New Delhi: While the #MeToo movement has given a sense of the magnitude of sexual harassment at workplaces, and has claimed the first scalp with the resignation of junior foreign minister M.J. Akbar, Delhi Commission for Women (DCW) chairperson Swati Maliwal shares her thoughts on the way forward, the campaign’s rural reach and class disconnect. Edited excerpts:

Q. What are your thoughts on the #MeToo movement?

I welcome it, support it, because I think it has been too long that this issue has been a taboo in our society. People don’t want to come out and report. Even educated people find it very difficult to report. Once they report, the entire systemic rape starts because right from the police station to the others involved in the justice-seeking process…I do feel sad that it has taken one year for the movement to kick off in our country, but then there are so many patriarchal mindsets that one has to tackle.

How is the movement reshaping the conversation on sexual harassment?

It is the government’s responsibility to create more awareness on this issue, to ensure that reporting is made easier, that justice delivery is proper. If that happens, then automatically, more and more people will come out and report. The biggest awareness campaign that could have happened on sexual assault was the streamlining of the entire justice delivery system. The #MeToo movement has served as a good awareness programme. But the movements reach is limited to a very different class and kind of people in the society. There is a large section of people in the society which has not been a part of the movement and continue to suffer very serious crimes, including rape. At the same time, I think it is a fantastic effort and, to a large extent, has changed the discourse. For the first time, one woman reporting gave strength to several women to come out and report. The discourse has definitely changed, but needs to be taken to the grassroots. This movement should also reach women in small towns and villages.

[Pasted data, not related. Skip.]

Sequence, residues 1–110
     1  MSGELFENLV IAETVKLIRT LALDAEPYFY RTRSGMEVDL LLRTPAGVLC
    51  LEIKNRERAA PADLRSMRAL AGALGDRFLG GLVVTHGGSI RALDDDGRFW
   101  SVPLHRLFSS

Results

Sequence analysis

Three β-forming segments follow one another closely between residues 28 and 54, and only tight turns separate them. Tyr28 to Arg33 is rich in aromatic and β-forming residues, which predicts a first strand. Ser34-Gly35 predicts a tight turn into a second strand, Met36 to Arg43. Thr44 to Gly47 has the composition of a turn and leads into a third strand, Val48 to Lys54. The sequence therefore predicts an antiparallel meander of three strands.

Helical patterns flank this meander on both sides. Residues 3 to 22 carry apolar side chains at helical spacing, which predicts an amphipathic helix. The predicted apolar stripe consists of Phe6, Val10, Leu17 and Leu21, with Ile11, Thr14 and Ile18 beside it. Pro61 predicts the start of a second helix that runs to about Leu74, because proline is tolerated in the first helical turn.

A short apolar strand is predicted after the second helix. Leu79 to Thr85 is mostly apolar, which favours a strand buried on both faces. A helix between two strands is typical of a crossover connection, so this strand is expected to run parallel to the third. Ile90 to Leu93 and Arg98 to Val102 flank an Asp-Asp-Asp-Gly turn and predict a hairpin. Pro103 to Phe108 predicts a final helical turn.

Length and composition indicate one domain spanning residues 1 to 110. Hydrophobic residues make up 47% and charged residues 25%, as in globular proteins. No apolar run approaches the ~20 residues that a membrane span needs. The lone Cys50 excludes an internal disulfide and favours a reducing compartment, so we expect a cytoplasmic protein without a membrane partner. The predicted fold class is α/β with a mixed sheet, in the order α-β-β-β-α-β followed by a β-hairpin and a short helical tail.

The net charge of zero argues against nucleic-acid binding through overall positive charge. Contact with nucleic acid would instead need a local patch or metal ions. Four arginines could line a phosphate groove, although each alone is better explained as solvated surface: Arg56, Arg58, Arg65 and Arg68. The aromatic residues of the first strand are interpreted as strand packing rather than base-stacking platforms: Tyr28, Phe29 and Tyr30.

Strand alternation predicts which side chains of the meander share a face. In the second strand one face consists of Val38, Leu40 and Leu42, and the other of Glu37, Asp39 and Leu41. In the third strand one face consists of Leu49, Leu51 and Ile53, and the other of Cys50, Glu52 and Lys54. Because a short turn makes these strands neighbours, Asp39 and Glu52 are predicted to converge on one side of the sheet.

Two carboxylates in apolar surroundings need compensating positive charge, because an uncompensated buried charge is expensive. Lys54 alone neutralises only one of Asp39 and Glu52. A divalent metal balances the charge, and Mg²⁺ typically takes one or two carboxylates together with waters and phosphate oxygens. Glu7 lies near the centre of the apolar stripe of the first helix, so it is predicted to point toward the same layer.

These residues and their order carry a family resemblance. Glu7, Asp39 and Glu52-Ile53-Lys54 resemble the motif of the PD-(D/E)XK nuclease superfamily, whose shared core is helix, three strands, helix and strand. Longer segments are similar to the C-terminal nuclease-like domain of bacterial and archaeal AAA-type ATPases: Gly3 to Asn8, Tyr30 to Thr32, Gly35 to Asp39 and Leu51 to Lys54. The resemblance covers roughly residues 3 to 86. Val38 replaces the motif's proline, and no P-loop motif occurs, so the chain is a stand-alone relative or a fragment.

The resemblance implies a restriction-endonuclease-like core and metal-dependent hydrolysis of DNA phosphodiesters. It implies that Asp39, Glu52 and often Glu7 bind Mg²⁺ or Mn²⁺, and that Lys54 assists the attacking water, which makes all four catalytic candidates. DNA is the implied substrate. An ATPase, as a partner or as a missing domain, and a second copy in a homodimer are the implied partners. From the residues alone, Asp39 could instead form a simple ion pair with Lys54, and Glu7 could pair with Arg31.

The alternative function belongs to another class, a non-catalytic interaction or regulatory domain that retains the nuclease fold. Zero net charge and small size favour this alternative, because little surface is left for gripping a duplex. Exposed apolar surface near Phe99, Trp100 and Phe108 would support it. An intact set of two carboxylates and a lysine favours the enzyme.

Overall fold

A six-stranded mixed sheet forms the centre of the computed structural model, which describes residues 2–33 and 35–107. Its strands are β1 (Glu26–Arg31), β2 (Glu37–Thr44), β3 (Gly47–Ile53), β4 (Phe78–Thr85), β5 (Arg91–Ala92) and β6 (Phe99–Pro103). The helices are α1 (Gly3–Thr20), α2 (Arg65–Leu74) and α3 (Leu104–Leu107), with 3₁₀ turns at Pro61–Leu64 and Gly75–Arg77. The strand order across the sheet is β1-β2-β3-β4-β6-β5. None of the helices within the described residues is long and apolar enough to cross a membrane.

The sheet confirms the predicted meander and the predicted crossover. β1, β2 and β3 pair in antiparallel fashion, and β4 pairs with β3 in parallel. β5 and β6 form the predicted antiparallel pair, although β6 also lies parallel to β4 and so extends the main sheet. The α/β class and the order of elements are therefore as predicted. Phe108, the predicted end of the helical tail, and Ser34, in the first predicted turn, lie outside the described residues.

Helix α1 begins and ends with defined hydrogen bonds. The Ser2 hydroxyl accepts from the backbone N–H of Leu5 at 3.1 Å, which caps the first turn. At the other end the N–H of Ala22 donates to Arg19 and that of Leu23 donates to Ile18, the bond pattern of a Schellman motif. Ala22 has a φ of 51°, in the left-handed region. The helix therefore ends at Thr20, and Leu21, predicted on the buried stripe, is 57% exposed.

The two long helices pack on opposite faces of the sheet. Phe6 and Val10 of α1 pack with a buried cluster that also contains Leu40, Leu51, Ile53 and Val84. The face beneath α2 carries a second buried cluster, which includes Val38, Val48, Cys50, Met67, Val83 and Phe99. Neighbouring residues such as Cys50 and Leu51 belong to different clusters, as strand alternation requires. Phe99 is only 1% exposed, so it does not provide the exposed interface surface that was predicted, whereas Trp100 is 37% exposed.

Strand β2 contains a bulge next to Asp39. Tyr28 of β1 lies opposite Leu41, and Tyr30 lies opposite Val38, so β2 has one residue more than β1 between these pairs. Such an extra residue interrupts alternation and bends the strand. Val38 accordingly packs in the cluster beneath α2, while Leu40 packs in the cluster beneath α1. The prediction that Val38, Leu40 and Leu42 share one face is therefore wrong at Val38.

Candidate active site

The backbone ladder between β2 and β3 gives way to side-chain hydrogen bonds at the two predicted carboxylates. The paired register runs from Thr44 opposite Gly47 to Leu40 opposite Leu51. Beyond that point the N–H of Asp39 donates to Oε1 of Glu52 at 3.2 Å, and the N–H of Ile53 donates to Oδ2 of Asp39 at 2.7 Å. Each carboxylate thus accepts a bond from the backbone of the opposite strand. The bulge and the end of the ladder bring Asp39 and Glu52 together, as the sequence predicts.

How do you take this movement to rural areas and the informal sector?

I think it is crucial. You have good Acts. There are certain problems with the Sexual Harassment at the Workplace Act, but by and large, it is a law that supports women. The focus of the governments, companies, should be on the proper implementation of the law. There should be proper complaint committees set up everywhere. Interestingly, when you talk of the informal sector, the law is very clear--you have got to have local complaints committees. When I joined DCW in 2015, the Act had been passed in 2013, there was not even a single local complaints committee set up in Delhi, which is the capital. Somewhere, I feel, that nothing succeeds like success. If you have even one case with a proper and quick justice delivery mechanism, it is going to create a huge amount of publicity, and prompt more women to come forward and report. It will also ensure a huge deterrence among men. The governments should invest their time on this issue. How do you increase women participation in the workforce if this is the kind of large scale sexual harassment that happens?

You had written to PM Modi demanding the resignation of M.J. Akbar. Do you think that a resignation is enough?

Not at all. We have launched a special email address, and we are encouraging all the women who have reported against M.J. Akbar to come out, write to us and meet us. We want them to come out and report. Till that happens, I don’t think the police will take any action. Just resigning is not enough. He has to be put behind bars. He has to realise what he has done. There has to be a prosecution. It cannot just be one resignation and naming and shaming.

Where do you see the #MeToo movement going? Will it be a make or break movement for women empowerment in the country?

A. I don’t think there is a make or break moment. From where we are today, this has come out of years of struggle. There are movements and steps, and all this is evolving. We will hopefully reach a stage where we are equals in the truest form. Today also, there are women who are somewhere against the movement, the Sabarimala judgment and other decisions which are positive. It is not really a make or break moment but it is a significant moment in our country.

How do you see the role of political parties?

Political parties play a very important role in our country in ensuring that democracy is inclusive. The fact that only 9% of women have reached Parliament, the fact that even fewer women are there in legislatures, show that political parties are not doing enough. If they would have done enough, we would have seen more women leaders coming out. Political parties across the country are not doing enough. Internal complaint committees are needed in all parties. All political parties should decide that women leadership needs to be protected, encouraged and supported.

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